Dear Pope Francis,
Welcome to another theme week. This week, in keeping in line with our month-long theme, it’s our Week of Women. Meredith and I will be posting every day, so make sure to check back!
A few weeks ago, I wrote about my struggles with the traditional femininity. The word had a childish connotation for me (and it still does to some extent), whereas I wanted an understanding of femininity that incorporated strength and independence. Another struggle that grew out of grappling with femininity was the fact that, generally, we describe something as ‘feminine’ to differentiate it from something that is ‘masculine’, which creates this opposition between the two words. Something that is feminine is very rarely described as masculine as well. This also creates the challenge of which attributes are given to masculinity and femininity.
To add another piece to this puzzle, no one person is completely masculine or completely feminine. As my friend pointed out, there is very often an unspoken scale of femininity and masculinity. Meredith and I have both talked about instances of this scale: Meredith when she talked about tools and skirts, and I talked about it when in terms of being independent and the gentleman culture. In both cases, there is something that is something traditionally feminine, for Meredith it’s wearing skirts and for me its letting guys open doors for me, that is juxtaposed against a more masculine thing, fixing things with tools and being independent.
My theology student solution to these questions is ‘complementarity’, which suggests that when God created men and women they would complement each other. Both the masculine and the feminine need the other to complete it. The differences between men and women call them to go beyond themselves because they are not complete in and of themselves. They can be surprised by the other, because the other is something different from them. In complementarity, the emphasis is on inherent nature of men and women, but we still use the words ‘masculine’ and ‘feminine’ to describe them.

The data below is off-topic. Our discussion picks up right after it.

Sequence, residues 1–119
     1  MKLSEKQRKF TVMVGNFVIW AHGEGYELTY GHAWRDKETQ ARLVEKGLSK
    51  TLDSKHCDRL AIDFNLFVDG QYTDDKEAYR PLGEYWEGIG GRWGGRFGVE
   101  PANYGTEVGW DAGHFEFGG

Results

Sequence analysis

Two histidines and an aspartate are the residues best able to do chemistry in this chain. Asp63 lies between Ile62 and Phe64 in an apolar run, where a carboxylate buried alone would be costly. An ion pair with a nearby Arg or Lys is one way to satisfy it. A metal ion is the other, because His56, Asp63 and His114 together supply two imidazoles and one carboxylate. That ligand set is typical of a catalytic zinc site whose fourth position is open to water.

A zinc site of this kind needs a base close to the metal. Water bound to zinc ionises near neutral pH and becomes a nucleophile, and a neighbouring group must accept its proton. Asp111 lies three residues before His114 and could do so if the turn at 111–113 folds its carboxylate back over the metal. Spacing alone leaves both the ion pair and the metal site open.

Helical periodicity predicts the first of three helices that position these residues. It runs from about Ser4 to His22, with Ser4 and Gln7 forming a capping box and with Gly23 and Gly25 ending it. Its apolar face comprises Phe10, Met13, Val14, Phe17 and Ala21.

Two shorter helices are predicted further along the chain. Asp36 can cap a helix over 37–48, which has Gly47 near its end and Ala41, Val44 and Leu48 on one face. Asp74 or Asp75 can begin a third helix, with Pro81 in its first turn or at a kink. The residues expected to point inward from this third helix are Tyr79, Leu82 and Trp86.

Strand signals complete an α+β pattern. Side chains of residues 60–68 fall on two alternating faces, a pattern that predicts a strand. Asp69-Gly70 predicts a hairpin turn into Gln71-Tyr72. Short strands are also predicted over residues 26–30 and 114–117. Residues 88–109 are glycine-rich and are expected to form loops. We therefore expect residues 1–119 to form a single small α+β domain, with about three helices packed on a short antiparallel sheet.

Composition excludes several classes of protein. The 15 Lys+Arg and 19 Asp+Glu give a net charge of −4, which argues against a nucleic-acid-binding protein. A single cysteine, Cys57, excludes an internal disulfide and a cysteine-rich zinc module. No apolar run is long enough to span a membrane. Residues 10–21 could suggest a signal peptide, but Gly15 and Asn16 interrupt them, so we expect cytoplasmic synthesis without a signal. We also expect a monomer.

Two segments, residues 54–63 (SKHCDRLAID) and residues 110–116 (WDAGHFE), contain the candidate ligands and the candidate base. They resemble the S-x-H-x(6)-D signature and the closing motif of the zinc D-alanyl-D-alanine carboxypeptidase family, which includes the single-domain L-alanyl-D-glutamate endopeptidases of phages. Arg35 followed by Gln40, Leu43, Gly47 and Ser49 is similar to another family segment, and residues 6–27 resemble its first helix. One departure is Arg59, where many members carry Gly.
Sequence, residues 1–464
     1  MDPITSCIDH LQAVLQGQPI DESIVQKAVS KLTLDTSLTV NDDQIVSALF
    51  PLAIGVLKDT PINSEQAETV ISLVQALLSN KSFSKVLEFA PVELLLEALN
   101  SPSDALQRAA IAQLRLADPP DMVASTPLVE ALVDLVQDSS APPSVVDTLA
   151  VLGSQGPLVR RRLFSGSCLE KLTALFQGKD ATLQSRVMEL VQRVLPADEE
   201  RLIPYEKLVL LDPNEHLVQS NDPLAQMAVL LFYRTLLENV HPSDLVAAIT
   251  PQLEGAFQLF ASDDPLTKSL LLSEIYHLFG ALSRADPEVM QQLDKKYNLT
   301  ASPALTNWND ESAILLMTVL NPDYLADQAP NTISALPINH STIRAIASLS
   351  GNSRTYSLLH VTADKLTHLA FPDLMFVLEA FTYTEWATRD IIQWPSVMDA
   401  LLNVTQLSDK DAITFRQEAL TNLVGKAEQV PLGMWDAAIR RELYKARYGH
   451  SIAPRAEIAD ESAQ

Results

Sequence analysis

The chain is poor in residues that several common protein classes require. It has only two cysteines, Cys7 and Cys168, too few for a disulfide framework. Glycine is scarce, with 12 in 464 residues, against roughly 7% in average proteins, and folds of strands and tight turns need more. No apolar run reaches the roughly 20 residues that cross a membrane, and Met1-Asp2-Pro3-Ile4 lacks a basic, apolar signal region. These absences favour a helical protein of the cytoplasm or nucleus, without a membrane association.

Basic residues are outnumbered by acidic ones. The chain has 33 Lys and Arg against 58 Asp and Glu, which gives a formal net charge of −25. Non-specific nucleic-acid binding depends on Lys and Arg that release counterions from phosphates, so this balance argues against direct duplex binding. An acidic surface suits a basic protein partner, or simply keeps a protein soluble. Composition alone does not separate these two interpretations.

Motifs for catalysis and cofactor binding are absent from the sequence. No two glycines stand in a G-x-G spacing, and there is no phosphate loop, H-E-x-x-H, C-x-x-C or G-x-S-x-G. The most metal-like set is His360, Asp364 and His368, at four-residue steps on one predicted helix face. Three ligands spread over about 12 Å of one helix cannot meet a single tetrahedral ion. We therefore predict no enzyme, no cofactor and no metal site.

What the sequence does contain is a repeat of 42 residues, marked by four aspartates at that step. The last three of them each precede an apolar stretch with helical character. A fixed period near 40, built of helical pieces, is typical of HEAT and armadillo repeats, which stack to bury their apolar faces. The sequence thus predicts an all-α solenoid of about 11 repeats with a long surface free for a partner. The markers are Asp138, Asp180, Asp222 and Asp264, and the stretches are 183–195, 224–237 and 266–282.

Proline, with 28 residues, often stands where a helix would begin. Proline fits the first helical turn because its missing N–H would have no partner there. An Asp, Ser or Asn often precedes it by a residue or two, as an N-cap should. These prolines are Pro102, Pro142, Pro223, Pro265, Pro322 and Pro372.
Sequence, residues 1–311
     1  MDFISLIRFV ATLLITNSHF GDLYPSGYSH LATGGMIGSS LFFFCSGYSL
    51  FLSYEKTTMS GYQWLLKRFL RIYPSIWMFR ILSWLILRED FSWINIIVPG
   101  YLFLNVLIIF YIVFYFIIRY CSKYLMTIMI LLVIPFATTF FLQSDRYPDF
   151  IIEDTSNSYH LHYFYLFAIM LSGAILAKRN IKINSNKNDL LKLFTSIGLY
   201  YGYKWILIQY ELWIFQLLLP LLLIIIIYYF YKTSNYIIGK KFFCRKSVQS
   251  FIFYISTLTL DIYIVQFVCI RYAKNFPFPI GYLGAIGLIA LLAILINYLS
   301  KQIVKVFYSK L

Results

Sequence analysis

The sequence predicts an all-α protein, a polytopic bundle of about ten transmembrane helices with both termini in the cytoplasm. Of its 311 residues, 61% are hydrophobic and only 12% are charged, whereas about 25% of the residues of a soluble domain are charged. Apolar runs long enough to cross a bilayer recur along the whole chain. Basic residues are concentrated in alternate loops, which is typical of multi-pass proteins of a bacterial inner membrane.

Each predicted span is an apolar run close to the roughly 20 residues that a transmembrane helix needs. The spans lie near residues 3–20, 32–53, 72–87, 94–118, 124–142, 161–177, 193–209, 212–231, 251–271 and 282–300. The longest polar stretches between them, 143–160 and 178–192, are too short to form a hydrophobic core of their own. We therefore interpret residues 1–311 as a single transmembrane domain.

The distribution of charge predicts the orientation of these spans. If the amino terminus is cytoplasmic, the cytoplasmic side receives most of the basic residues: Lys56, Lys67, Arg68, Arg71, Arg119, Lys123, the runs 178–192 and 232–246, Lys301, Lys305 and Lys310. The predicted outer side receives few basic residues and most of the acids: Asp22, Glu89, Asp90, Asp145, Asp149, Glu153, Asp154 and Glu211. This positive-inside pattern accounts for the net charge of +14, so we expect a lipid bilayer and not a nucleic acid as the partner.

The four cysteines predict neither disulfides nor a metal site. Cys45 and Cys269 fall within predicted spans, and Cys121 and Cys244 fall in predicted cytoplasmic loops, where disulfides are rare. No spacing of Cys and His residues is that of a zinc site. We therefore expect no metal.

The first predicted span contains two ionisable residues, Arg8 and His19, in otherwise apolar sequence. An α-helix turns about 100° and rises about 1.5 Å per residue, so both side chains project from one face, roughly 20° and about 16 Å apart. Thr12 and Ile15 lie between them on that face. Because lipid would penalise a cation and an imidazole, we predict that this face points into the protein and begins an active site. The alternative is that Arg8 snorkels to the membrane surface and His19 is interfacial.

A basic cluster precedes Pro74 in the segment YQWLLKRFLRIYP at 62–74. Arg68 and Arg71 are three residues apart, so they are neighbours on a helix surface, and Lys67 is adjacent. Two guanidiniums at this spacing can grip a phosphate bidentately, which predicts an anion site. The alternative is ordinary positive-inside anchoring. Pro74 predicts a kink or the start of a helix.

For me this doesn’t really address my question: what do we do with the words ‘masculine’ and ‘feminine’? How do we represent a spectrum of people in these words? At this point, I don’t know if I will ever get a satisfactory answer to my questions. Maybe this is one of those times when I need to leave the question alone, chalking it up to ‘that’s just the way it is’. Inherently, men and women will complement each other, but how their natures will be represented in their lives will be different. It is these representations that we can describe as ‘masculine’ or ‘feminine’, and these words will always be imperfect when trying to capture to diversity of expressions.
This answer may not satisfy me entirely (and it may not satisfy you either), it won’t stop me from asking other big questions that probably won’t have satisfying answers.
Still asking big questions,
PS: For the information on complementarity in this post, I used Called to Love: Approaching John Paul II’s Theology of the Body by Carl Anderson and José Granados (New York: Image, 2009).